As Israel journeyed, they only did so in light of the descension and ascension of the glory cloud. We read, "Then the cloud covered the tabernacle of meeting, and the glory of the Lord filled the tabernacle. Whenever the cloud was taken up from above the tabernacle, the children of Israel would go onward in all their journeys. But if the cloud was not taken up, then they did not journey till the day that it was taken up (Ex. 40:34-37). As God had come down on and gone up from the Mount when He revealed Himself to His people through the mediation of Moses, so too He came down and went up in the cloud as He lead His people forward through their pilgrimage to the Promised Land.

All of this is, of course, pointing forward to the coming of God in the person of Jesus. He is the glory of the Lord who came to Tabernacle with His people (John 1:14). Jesus is the enfleshing of God--the imminent dwelling of God with His people. Christ descended and ascended in order to lead us and guide us to our eternal habitation (Eph. 4:8-10). This is seen most fully at the Transfiguration (Luke 9:28-36). Jesus took Peter, James and John up on the mountain to be witnesses of His glory. Moses and Elijah (representing the law and the prophets) appeared there to bear witness to the Mediator of the New Covenant. As Moses had seen the glory of God on Sinai, He saw that glory shining in the face of Jesus. Luke tells us that as Jesus was speaking, "A cloud came and overshadowed them; and they were fearful as they entered the cloud. And a voice came out of the cloud, saying, “This is My beloved Son. Hear Him!” God the Father came down on the mountain and spoke out of the cloud, declaring and explaining that Christ was His eternally beloved Son--the fulness of His revelation. When Peter reflected back on this incident so many years later he remembered most of all the glory cloud out of which God the Father spoke. He explained that on the mountain Jesus "received from God the Father honor and glory when such a voice came to Him from the Excellent Glory: 'This is My beloved Son, in whom I am well pleased.'" (1 Peter 1:17). Jonathan Edwards captured the essence of the glory cloud at the Transfiguration when he wrote:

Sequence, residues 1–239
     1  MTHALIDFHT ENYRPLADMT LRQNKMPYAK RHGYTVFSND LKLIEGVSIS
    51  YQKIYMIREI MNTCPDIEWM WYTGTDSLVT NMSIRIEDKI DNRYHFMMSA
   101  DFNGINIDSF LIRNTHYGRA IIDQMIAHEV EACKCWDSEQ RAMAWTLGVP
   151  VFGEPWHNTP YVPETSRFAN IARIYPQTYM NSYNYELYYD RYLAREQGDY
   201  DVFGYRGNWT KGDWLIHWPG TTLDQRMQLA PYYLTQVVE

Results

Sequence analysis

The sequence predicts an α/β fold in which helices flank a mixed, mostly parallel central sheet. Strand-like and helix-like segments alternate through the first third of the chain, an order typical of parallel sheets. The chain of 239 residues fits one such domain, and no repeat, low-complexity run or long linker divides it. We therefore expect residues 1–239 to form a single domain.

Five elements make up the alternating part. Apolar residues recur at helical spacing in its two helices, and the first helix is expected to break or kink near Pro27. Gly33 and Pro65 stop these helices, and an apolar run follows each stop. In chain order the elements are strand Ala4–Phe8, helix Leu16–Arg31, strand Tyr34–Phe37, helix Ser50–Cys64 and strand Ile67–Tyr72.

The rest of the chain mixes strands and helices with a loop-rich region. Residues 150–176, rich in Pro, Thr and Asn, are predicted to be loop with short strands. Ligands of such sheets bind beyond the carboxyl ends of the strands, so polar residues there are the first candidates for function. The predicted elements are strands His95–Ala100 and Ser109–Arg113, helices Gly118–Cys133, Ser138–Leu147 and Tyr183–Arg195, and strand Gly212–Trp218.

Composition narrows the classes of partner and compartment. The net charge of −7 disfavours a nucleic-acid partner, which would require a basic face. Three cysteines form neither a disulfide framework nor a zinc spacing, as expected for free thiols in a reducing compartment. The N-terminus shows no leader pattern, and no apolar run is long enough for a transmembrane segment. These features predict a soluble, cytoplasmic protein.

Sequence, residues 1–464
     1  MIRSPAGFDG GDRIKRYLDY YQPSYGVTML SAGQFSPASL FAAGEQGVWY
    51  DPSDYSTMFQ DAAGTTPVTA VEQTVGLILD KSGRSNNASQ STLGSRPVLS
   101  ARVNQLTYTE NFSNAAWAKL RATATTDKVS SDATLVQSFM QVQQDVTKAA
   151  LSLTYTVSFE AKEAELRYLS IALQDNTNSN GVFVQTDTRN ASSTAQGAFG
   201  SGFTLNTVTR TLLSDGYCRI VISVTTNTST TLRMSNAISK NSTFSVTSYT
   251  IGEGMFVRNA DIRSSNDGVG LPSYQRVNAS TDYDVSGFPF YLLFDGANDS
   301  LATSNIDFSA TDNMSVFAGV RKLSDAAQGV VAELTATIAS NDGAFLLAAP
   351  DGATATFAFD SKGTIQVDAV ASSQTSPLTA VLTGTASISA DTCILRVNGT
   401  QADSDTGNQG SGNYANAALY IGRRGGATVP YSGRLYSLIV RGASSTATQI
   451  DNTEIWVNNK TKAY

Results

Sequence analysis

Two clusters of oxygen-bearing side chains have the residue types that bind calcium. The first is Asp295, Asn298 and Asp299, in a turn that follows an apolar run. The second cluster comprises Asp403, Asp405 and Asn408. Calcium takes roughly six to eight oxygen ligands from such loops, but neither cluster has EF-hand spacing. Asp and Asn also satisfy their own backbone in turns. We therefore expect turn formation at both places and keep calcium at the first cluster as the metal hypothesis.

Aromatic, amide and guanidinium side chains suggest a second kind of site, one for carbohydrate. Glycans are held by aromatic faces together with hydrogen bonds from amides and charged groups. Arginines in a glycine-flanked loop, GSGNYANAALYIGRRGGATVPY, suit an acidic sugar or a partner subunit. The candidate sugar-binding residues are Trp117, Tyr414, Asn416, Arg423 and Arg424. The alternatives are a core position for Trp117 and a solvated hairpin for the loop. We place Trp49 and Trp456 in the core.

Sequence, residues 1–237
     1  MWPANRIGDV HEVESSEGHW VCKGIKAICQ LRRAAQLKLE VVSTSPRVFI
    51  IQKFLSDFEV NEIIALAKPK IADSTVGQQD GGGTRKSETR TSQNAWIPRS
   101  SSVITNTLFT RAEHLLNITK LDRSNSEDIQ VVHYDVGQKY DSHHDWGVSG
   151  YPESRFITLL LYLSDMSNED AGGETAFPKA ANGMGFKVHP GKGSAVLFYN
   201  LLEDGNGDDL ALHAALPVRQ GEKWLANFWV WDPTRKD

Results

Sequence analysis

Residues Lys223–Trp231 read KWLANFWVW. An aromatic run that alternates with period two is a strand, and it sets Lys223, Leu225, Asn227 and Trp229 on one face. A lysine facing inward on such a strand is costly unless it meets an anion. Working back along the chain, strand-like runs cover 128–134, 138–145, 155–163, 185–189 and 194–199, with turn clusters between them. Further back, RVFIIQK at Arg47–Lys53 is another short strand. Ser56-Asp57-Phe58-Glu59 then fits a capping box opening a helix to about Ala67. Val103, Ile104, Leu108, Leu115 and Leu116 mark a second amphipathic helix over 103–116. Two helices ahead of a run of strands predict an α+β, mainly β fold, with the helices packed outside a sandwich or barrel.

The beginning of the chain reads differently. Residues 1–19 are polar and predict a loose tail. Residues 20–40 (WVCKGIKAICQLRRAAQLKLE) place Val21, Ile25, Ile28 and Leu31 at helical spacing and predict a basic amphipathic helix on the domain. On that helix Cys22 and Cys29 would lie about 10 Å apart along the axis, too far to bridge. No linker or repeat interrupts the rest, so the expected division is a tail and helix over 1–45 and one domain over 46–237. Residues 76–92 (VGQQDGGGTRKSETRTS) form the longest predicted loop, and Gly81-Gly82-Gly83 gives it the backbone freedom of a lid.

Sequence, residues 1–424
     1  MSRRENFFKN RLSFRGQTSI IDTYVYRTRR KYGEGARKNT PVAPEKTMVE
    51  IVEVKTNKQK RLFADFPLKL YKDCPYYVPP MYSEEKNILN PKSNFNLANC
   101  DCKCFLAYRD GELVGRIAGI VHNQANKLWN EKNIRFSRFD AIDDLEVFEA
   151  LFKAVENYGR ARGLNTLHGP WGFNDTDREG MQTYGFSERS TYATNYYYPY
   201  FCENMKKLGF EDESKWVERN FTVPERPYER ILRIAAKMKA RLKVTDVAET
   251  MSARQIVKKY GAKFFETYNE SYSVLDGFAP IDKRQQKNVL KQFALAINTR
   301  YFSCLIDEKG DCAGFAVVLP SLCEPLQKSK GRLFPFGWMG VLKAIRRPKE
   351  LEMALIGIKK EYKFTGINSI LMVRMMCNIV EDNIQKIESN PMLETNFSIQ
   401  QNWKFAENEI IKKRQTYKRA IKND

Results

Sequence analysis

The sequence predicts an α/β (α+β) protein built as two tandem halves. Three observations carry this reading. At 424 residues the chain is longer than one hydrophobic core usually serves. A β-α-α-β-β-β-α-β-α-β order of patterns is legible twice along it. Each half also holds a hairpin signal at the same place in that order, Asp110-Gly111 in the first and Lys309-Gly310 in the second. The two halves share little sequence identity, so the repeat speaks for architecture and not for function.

"There was a glory in that cloud that the apostle calls an excellent glory. When it is said in the evangelists that a bright cloud overshadowed them, it is not meant such a light or white cloud as shines by a cast of light upon it from some shining body, such as are some clouds by the bright reflection of the sun’s light; but a cloud bright by an internal light shining out of it, which light the apostle calls an excellent glory. It probably was an ineffably sweet, excellent sort of light, perfectly differing from and far exceeding the light of the sun...And there probably was an exact resemblance between the glory that the disciples saw in Christ’s face, and that which they saw in this cloud, which declared him to be the Son of God; for they saw him to be his express image."

The last place in which clouds play a significant role in redemptive history is in the ascension and in the return of Christ. After His resurrection, Jesus took His disciples up to a high mountain where "He was taken up, and a cloud received Him out of their sight" (Acts 1:9). Jesus' ascension on the clouds was foretold by Daniel (Dan. 7:13-14). He is the Son of Man ascending on the clouds of heaven and coming to the Ancient of Days to receive the Kingdom that was promised to Him. Likewise, the Scriptures tell us that "He is coming with clouds, and every eye will see Him, even they who pierced Him. (Rev. 1:7). The Scriptures promise that He will "come in like manner" as that by which He ascended to glory (Acts 1:11). One of the ways in which believers are to comfort one another in this life, while we await the full revelation of Christ, is that when Jesus comes again, "we who are alive and remain shall be caught up together with them (i.e. believers who have already died) in the clouds to meet the Lord in the air. And thus we shall always be with the Lord."

From the post-deluvian revelation to the parousia, the Scripture utilizes clouds to symbolize the presence of God. The next time we are tempted to complain about it being a cloudy day, we should pause and consider how the Lord uses clouds to remind us of His imminent presence and the promise of the coming of Jesus. 

Nick Batzig